Woman has certainly not her true place, and this place she as certainly should seek to gain. We have said that every error has its shadow of truth, and, so far, the [Woman's Rights] conventionists are right. But, alas! how wide astray are they groping from their goal! Woman has not her true place, because she-because man- -has not yet learned the full extent and importance of her mission. These innovators would seek to restore, by driving her entirely from that mission; as though some unlucky pedestrian, shoved from the security of the side-walk, should in his consternation seek to remedy matters, by rushing into the thickest thoroughfare of hoofs and wheels. Woman will reach the greatest height of which she is capable, the greatest, perhaps, of which humanity is capable-not by becoming man, but by becoming, more than ever, woman. By perfecting herself, she perfects mankind.

JOSEPH G. BALDWIN.

ca. 1811=1864.

JOSEPH G. BALDWIN was born in Virginia but early removed to Sumter County, Alabama, and was a jurist and writer of much influence and popularity in that State. He removed later to California, where in 1857 he became judge of the Supreme Court and in 1863 Chief Justice of the State. His writings are mainly clever and humorous sketches of the bar and of the communities in which he practised. He said the “flush times” of Alabama did not compare in any degree with those of California which he described in an article to the “Southern Literary Messenger.” His “ Party Leaders” are able papers on Jefferson, Hamilton, Jackson, Clay, and John Randolph.

WORKS.

Flush Times in Alabama and Mississippi.
Party Leaders.

Humorous Legal Sketches.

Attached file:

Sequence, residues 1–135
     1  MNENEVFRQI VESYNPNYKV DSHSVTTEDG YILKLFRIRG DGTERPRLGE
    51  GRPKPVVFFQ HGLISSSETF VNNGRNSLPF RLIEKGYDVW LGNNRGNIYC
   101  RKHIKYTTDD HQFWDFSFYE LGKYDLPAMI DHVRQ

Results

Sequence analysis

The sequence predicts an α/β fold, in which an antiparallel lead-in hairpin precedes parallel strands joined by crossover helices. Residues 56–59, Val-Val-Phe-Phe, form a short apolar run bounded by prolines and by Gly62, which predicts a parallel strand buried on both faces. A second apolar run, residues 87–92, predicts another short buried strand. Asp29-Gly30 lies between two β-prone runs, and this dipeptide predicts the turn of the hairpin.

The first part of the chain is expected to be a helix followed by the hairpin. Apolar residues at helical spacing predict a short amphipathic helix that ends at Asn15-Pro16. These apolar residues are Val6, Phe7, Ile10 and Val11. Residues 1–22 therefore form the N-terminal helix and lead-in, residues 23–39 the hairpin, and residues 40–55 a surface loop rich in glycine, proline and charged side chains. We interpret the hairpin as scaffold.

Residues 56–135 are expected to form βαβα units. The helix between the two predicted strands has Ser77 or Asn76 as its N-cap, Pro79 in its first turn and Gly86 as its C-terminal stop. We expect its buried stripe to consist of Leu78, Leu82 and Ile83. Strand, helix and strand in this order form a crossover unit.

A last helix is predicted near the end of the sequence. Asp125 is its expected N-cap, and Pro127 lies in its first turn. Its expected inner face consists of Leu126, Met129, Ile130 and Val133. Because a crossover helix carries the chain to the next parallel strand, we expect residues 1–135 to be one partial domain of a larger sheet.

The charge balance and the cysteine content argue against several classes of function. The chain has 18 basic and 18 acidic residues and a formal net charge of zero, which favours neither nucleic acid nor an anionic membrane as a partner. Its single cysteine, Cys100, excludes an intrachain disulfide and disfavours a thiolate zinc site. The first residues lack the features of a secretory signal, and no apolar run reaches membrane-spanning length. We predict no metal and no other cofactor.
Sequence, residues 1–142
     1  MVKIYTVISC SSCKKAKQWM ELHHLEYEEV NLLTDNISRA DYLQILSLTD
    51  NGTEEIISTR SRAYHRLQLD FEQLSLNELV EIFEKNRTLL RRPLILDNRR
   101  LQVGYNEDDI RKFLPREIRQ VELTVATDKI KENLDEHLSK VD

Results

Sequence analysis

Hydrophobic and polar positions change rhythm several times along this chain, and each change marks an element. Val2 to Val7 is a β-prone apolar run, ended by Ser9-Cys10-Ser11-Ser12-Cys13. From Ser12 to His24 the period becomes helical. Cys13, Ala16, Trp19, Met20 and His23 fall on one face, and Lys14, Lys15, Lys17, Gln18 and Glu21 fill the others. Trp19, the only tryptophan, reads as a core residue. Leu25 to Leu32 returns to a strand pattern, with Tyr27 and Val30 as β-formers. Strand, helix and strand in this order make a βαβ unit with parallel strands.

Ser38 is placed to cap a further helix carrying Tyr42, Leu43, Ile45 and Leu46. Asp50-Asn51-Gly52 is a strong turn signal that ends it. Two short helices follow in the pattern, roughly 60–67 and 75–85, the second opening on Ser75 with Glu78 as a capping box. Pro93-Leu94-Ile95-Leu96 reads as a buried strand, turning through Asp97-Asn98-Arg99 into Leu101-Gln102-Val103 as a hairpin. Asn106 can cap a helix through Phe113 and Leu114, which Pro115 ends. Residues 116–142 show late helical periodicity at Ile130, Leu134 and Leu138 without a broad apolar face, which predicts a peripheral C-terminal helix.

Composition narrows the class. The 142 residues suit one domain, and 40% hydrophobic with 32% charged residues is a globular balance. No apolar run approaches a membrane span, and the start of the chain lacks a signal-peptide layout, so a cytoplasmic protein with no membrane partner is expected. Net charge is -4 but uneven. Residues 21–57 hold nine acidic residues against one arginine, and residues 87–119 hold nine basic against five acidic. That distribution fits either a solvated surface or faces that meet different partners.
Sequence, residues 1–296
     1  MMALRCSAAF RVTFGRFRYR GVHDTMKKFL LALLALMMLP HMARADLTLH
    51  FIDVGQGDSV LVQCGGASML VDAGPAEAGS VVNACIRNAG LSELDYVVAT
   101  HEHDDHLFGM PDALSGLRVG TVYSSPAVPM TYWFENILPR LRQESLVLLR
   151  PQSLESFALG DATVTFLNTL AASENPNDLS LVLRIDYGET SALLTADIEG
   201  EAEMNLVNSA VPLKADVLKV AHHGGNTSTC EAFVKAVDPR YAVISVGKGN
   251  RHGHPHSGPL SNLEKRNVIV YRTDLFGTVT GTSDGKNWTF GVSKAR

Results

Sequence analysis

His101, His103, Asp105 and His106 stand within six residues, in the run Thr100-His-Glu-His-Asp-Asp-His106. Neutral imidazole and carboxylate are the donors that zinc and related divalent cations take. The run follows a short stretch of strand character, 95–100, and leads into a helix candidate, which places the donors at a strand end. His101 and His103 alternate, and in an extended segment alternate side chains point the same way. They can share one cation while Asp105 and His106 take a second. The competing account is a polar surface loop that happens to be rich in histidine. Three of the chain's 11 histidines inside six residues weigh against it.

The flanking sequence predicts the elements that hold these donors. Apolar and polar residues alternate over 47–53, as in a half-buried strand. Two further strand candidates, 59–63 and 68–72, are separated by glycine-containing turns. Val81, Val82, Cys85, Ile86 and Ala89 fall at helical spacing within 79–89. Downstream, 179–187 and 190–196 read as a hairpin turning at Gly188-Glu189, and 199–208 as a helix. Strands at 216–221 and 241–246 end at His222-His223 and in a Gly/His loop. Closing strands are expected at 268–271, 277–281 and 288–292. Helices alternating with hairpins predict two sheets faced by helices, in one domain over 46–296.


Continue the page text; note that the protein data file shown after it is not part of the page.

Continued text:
VIRGINIANS IN A NEW COUNTRY. (From Flush Times in Alabama and Mississippi, published in Southern Literary

Messenger.") The disposition to be proud and vain of one's country, and to boast of it, is a natural feeling ; but, with a Virginian, it is a passion. It inheres in him even as the flavor of a York river oyster in that bivalve, and no distance of deportation, and no trimmings of a gracious prosperity, and no pickling in the sharp acids of adversity, can destroy it. It is a part of the Virginia character-just as the flavor is a distinctive part of the oyster—“which cannot, save by annihilating, die.” It is no use talking about it—the thing may be right, or wrong ;-like Falstaff's victims at Gadshill, it is past praying for: it is a sort of cocoa grass that has got into the soil, and has so matted over it, and so fibred through it, as to have become a part of it; at least there is no telling which is the grass and which the soil; and certainly it is useless labor to try to root it out. You may destroy the soil, but you can't root out the grass.

Patriotism with the Virginian is a noun personal. It is the Virginian himself and something over. He loves Virginia per se and propter se: he loves her for herself and for himself-because she is Virginia, and everything else beside. He loves to talk about her : out of the abundance of the heart the mouth speaketh. It makes no odds where he goes, he carries Virginia with himn; not in the entirety aiways—but the little spot he comes from is Virginia-as Swedenborg says the smallest part of the brain is an abridgment of all of it. “Cælum non animum mutant qui trans mare currunt,was made for a Virginian. He never gets acclimated elsewhere; he never loses citizenship to the old Home. The right of expatriation is a pure abstraction to him. He may breathe in Alabama, but he lives in Virginia. His treasure is there and his heart also. If he looks at the Delta of the Mississippi, it reminds him of James River “low grounds;" if he sees the vast prairies of Texas, it is a memorial of the meadows of the Valley. Richmond is the centre of attraction, the dépôt of all that is grand, great, good, and glorious. “It is the Kentucky of a place,” which the preacher described Heaven to be to the Kentucky congregation,

Those who came many years ago from'the borough towns, especially from the vicinity of Williamsburg, exceed, in attachment to their birthplace, if possible, the émigrés from the metropolis. It is refreshing in these coster-monger times, to hear them speak of it ;—they remember it when the old burg was the seat of fashion, taste, refinement, hos